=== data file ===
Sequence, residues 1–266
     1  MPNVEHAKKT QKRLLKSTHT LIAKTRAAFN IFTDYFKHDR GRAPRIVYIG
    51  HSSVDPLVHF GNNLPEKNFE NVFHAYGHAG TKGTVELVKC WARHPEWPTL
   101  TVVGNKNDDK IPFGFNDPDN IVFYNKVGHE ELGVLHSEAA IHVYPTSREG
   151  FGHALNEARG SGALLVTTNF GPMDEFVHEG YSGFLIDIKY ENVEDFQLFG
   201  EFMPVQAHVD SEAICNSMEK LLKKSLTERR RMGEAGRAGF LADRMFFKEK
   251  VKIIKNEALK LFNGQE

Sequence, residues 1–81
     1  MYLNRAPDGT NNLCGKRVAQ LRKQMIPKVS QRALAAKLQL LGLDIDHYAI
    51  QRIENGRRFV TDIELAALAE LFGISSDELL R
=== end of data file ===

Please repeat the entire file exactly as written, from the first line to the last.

Sequence, residues 1–266
     1  MPNVEHAKKT QKRLLKSTHT LIAKTRAAFN IFTDYFKHDR GRAPRIVYIG
    51  HSSVDPLVHF GNNLPEKNFE NVFHAYGHAG TKGTVELVKC WARHPEWPTL
   101  TVVGNKNDDK IPFGFNDPDN IVFYNKVGHE ELGVLHSEAA IHVYPTSREG
   151  FGHALNEARG SGALLVTTNF GPMDEFVHEG YSGFLIDIKY ENVEDFQLFG
   201  EFMPVQAHVD SEAICNSMEK LLKKSLTERR RMGEAGRAGF LADRMFFKEK
   251  VKIIKNEALK LFNGQE

Sequence, residues 1–81
     1  MYLNRAPDGT NNLCGKRVAQ LRKQMIPKVS QRALAAKLQL LGLDIDHYAI
    51  QRIENGRRFV TDIELAALAE LFGISSDELL R